I personally think it is easier on the dam if she can wean them when she is ready, and then for the puppies to go 1-2 at a time. Having 5 8 week old puppies one day, and none the second day, is just hard on the bitch.

Heidi Ho, Odie
Joy-Joy, Bear Cub, Hepsi-Pepsi
Cujo2, Karma Chameleon
Ramona the Pest, Kojak -- who loves you baby?
Tiny Tinnie, Susie's Uzzi, Kaiah -- The Baby Monster.
selzer is offline  
post #8 of 10 (permalink) Old 09-01-2016, 07:37 PM
Administrator & LOTR Addict
 
lhczth's Avatar
 
Join Date: Apr 2000
Location: Bloomington, IN, USA
Posts: 18,687
Quote:
Originally Posted by Bridget01 View Post
According to shelter rules, the mother must be spayed before she can be put up for adoption. It's a different world.
Yes, unfortunately the welfare of the dog isn't the first priority, but understand their reasoning.

Lisa Clark

To view links or images in signatures your post count must be 10 or greater. You currently have 0 posts.

SG1 Deja IPO3 AWD1 KKL1 B/HOT, SG Elena IPO1 KKL CGC B/HOT, LB (the ugly little sable) IPO2 KKL B/HOT, and gone but not forgotten,
Vala SchH3 AWD1 FH2 CGC B/HOT, Donovan IPO1 TR2 AD, Nike SchH1 OB1 TR3 AD CGC HOT, Treue SchH3 CD CGC HOT



lhczth is offline  
post #9 of 10 (permalink) Old 09-01-2016, 08:27 PM
Crowned Member
 
Magwart's Avatar
 
Join Date: Jul 2012
Posts: 5,391
The sheltering answer is sometimes different than the breeding answer. Shelters sometimes remove pups before 8 weeks when the mom is near-feral, nasty with people, or shut-down/terrified. The explanation I was given is that the pups are learning exactly the wrong stuff from mom at that point, and they don't want her teaching the pups to be like her. They'll replicate her fear if she's terrified. If they're going to be around another F, they want them around a foster home's personal dog that is gentle and loving, so they have stability being modeled instead of the other stuff. If mom is friendly and stable, they'll leave them with her longer.
lhczth, selzer and cragbetty like this.
Magwart is online now  
post #10 of 10 (permalink) Old 09-01-2016, 08:32 PM
Crowned Member
 
selzer's Avatar
 
Join Date: May 2005
Location: Denmark, Ohio
Posts: 31,543
Quote:
Originally Posted by Magwart View Post
The sheltering answer is sometimes different than the breeding answer. Shelters sometimes remove pups before 8 weeks when the mom is near-feral, nasty with people, or shut-down/terrified. The explanation I was given is that the pups are learning exactly the wrong stuff from mom at that point, and they don't want her teaching the pups to be like her. They'll replicate her fear if she's terrified. If they're going to be around another F, they want them around a foster home's personal dog that is gentle and loving, so they have stability being modeled instead of the other stuff. If mom is friendly and stable, they'll leave them with her longer.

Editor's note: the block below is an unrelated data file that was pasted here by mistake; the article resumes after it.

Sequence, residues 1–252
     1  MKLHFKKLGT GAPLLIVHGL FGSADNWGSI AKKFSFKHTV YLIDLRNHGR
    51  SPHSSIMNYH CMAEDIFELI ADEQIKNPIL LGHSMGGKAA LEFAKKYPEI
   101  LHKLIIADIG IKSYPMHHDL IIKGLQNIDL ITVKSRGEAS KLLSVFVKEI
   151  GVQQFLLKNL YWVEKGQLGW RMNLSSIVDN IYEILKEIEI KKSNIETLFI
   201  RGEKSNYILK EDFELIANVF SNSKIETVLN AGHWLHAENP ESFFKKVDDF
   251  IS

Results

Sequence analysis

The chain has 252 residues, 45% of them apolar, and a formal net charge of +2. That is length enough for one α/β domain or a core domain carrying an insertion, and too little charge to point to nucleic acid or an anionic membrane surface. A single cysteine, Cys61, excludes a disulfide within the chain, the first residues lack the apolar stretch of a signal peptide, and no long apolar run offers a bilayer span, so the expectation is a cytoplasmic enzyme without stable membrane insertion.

This is very true. It depends on the bitch. On the other hand, they have had puppies raised with surrogates and found over-whelmingly that their temperament was that of their dam, not the surrogate. With the female, there is nurture and nature. Those behaviors that the pup learns from the dam can be negatively affected by more time with her. The character/temperament is what it is, unfortunately.

Heidi Ho, Odie
Joy-Joy, Bear Cub, Hepsi-Pepsi
Cujo2, Karma Chameleon
Ramona the Pest, Kojak -- who loves you baby?
Tiny Tinnie, Susie's Uzzi, Kaiah -- The Baby Monster.
selzer is offline  
Sponsored Links
Advertisement
 
Reply

Quick Reply
Message:
Options

Register Now



In order to be able to post messages on the German Shepherd Dog Forums forums, you must first register.
Please enter your desired user name, your email address and other required details in the form below.

User Name:
Password
Please enter a password for your user account. Note that passwords are case-sensitive.

Password:


Confirm Password:
Email Address
Please enter a valid email address for yourself.

Email Address:
OR

Log-in










Thread Tools
Show Printable Version Show Printable Version
Email this Page Email this Page



Posting Rules  
You may post new threads
You may post replies
You may not post attachments
You may not edit your posts

BB code is On
Smilies are On
[IMG] code is On
HTML code is Off
Trackbacks are On
Pingbacks are On
Refbacks are On

 
For the best viewing experience please update your browser to Google Chrome